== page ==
Bronze Age/Iron Age Barrow Cemetery
Broxa Forest, North Yorkshire OS Map Ref SE96509440
OS Maps - Landranger 101 (Scarborough), Explorer OL27 (North York Moors - Eastern Area)
Iron Age square barrow in Broxa Forest at SE962942
In the northeast corner of Broxa Forest are a series of barrow mounds - some of these are the familiar Bronze Age round barrows, but half a dozen stand out as being a little different, they are in fact Iron Age 'square' barrows dating from somewhere between 500BC and the coming of the Romans. These square barrows are not at all common and many have been ploughed away (see Arras barrow cemetery) although they seem to occur in a greater frequency in the area between the Humber and North Yorkshire than anywhere else in the country.
The mounds of square barrows are in fact rounded domes usually covering a single burial in a pit but it is the distinctive square ditches that surround the mounds that give these monuments their names. Some square barrow also seem to have traces of a small bank outside the ditch and occasionally the burial is accompanied with rich grave goods such as dismantled carts or chariots.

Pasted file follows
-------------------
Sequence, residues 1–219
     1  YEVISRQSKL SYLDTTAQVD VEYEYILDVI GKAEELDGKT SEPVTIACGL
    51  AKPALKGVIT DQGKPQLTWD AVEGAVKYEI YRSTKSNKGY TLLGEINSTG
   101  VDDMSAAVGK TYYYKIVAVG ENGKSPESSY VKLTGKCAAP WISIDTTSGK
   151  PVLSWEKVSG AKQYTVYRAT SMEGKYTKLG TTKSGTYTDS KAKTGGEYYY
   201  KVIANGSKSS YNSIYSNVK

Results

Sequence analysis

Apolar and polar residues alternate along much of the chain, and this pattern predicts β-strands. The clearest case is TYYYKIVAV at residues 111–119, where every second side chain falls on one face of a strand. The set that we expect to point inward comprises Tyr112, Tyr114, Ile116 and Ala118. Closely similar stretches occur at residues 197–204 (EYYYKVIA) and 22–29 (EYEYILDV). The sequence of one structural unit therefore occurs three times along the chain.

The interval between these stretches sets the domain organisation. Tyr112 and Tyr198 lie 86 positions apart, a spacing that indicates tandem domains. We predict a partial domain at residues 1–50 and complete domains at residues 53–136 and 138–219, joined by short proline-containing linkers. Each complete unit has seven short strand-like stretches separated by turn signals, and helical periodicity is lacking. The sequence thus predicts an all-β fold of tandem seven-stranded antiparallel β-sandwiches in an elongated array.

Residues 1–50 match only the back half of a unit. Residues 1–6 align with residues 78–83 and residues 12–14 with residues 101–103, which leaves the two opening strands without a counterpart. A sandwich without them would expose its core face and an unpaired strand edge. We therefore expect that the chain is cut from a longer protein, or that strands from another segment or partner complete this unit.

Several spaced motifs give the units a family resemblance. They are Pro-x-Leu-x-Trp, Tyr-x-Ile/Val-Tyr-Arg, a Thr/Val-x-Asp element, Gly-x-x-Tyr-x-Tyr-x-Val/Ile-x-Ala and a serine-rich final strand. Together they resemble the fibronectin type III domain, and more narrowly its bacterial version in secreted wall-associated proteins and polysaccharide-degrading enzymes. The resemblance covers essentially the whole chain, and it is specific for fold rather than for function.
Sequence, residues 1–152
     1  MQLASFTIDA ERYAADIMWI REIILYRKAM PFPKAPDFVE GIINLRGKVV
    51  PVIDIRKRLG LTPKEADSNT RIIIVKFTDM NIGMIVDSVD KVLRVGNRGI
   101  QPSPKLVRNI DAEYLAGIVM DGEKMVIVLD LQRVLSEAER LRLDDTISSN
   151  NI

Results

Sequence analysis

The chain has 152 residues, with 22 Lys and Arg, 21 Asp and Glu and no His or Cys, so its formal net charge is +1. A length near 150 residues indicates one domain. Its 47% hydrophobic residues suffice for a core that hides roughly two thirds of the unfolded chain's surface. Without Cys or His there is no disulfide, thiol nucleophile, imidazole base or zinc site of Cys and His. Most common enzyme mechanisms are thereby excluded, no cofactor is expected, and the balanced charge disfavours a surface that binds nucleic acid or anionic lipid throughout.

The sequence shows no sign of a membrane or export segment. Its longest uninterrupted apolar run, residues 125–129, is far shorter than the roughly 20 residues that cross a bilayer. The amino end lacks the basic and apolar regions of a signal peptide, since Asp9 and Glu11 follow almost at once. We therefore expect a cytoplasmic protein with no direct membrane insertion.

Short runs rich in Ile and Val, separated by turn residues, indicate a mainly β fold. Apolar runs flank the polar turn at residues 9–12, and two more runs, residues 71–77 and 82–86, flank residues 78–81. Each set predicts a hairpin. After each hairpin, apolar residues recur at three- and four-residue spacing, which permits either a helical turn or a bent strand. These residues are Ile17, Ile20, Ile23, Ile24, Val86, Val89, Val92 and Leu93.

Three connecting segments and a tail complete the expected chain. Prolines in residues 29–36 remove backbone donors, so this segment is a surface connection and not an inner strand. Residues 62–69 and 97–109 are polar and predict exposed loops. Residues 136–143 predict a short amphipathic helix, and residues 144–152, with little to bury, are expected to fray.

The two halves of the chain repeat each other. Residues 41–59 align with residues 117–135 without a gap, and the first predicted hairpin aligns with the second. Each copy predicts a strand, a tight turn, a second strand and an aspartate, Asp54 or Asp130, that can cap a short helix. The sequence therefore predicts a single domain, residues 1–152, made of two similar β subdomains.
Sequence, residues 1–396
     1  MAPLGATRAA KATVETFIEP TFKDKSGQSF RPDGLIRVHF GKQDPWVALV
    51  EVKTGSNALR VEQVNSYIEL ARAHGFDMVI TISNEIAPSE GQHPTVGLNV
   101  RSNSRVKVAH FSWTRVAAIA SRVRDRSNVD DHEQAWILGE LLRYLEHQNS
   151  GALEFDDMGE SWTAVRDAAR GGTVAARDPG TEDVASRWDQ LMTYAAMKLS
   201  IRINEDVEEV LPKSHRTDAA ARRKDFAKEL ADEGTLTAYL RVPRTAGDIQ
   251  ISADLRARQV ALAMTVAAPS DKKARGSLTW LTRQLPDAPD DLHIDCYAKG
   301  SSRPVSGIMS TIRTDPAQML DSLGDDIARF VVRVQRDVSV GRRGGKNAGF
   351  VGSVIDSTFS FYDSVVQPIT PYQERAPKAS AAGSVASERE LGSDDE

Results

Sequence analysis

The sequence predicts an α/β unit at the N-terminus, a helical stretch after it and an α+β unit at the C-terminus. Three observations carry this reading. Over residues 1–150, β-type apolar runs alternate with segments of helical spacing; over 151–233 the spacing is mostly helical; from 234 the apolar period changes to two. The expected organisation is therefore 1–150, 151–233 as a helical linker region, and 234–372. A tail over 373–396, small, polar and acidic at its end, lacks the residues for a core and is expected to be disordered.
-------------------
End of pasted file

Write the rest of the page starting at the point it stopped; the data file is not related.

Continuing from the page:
Of the barrows in Broxa Forest, the four at SE967940, SE969936, SE971932 and SE966931 are very difficult to locate due to tree cover and large amounts of undergrowth, but the one at SE962942 (photograph above) is fairly easy to find and is quite well preserved surviving to a height of about a metre and about 10 metres across with a couple of indentations in the top - the results of partial excavations in the past. Another barrow just to the east is about half the size and height and is quite heavily overgrown.
Among these Iron Age barrows are several older round barrows and many are similarly difficult to find amongst the trees, one worth looking at is Swarth Howe at SE970941 which would once have had fine views across the valley of the East and West Syme. It is now surrounded by trees and damaged - there is a small 1 metre high raised mound in the middle of the barrow with the rest of the low mound measuring about 16 metres across.
Back to Map | Home
| Full Glossary | Links | Email: firstname.lastname@example.org